Is the ZFS File System the Future of Linux File Systems?
ZFS is a combined file system and logical volume manager. ZFS was designed by and is a trademark of Sun Microsystems. The most notable features of the ZFS file system are its continuous integrity checks and repairs, high storage capacity, snapshots, copy-on-write clones, and the fact that it’s open-source software.
Linux and ZFS
ZFS was designed and implemented by Sun Microsystems in September of 2004. Over the next couple of years Sun Microsystems started to integrate the ZFS source code into Solaris and OpenSolaris. ZFS is licensed under Sun’s Common Development and Distribution License (CDDL) which has caused some very interesting problems with integrating ZFS into Linux. Linux is licensed under the GNU General Public License (GPL) and while both licenses are open-source they are not compatible.
My assumption is that Sun licensed ZFS under their CDDL in an attempt to save Solaris. I think their fear was that should the ZFS file system become available in Linux, any users who use Solaris mainly for access to the ZFS features would jump ship and start using Linux. In the end I don’t think this or any other measures will save the Solaris OS (Operating System).
A Linux Port of ZFS?
Linux users are, in general, an intelligent group of people. You specifically try to block the use of an open-source file system in their operating system of choice and they WILL find a way around it. Especially when it comes to a file system that is being billed as the “most advanced file system in the world”. In comes the FUSE implementation of the ZFS file system. The ZFS for Linux project makes it possible to create, mount, use and manage ZFS file systems under Linux. There you go … one of the many Linux geeks creating a work around that enables the Linux world to enjoy the reliability and huge feature set of the ZFS file system.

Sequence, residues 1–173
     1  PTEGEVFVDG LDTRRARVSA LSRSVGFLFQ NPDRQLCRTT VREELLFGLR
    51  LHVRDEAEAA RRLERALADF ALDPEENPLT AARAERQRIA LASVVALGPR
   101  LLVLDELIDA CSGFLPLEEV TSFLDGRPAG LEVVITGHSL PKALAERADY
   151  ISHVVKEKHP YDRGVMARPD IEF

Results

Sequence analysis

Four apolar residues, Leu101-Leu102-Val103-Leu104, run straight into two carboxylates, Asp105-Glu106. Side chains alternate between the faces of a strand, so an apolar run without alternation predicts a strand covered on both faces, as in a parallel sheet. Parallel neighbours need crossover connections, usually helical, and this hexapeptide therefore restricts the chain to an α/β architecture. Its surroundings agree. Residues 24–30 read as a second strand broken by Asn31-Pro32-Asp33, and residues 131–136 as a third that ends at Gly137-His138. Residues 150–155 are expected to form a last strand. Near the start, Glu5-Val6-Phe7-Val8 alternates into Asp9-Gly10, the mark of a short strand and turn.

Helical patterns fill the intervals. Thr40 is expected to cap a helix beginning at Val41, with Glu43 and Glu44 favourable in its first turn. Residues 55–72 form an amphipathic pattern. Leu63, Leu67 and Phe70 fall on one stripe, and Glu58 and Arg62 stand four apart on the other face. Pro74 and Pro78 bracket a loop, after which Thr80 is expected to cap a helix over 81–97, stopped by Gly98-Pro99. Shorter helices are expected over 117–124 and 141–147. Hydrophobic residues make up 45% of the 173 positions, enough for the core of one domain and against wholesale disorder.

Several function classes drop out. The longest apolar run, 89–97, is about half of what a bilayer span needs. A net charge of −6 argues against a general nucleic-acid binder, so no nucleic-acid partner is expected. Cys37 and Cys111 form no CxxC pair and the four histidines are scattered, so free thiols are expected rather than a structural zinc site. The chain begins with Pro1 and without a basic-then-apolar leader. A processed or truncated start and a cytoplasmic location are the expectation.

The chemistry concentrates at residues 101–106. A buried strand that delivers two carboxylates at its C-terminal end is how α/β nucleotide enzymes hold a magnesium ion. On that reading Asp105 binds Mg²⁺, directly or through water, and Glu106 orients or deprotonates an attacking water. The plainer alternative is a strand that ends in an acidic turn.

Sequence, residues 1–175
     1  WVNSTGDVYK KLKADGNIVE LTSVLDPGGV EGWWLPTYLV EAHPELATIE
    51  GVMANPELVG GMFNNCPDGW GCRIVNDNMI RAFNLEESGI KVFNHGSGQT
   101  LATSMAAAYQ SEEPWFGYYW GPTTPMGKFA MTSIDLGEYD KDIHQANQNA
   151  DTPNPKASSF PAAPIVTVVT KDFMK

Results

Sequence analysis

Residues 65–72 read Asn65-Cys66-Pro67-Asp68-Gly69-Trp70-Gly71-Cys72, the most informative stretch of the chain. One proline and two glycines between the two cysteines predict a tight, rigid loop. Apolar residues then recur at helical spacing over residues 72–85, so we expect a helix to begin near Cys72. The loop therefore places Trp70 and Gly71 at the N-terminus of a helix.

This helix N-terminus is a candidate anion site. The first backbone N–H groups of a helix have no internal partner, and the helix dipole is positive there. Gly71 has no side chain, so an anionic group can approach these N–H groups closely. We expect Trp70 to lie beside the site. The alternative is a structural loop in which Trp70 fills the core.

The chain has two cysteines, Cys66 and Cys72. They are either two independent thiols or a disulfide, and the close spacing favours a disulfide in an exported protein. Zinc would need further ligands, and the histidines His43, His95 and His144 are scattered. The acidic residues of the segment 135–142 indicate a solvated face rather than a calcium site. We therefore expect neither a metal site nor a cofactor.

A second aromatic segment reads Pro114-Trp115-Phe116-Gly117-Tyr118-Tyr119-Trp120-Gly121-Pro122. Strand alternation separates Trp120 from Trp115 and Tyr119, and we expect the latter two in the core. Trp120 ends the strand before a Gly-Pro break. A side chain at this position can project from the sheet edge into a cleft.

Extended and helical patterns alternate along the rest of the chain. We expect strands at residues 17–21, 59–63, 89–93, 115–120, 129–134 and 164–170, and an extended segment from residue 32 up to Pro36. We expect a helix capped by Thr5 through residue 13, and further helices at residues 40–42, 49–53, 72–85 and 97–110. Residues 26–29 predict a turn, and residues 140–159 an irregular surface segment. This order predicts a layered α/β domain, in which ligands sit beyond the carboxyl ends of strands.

You can research, download and use the ZFS for Linux port of Sun’s ZFS file system by visiting the ZFS for Linux homepage. The project seems fairly active and they give you the option to install ZFS using pre-compiled binary files or build the ZFS file system from source. There are packages available for both .deb and .rpm based Linux distributions.
ZFS: The Future of File Systems?
With ZFS’s extensive set of features and its unparalleled reliability, it may very well become the de facto Linux file system over time. Currently ZFS is best implemented on large servers and backup drives, however in the end, should the ZFS for Linux project continue their work on the Linux port, you may see ZFS offered in many Linux distributions. Linux geeks are not going to miss out on a file system billed “The Most Advanced File System Ever Invented,” I can promise you that.
- Author’s own experience.
- ZFS for Linux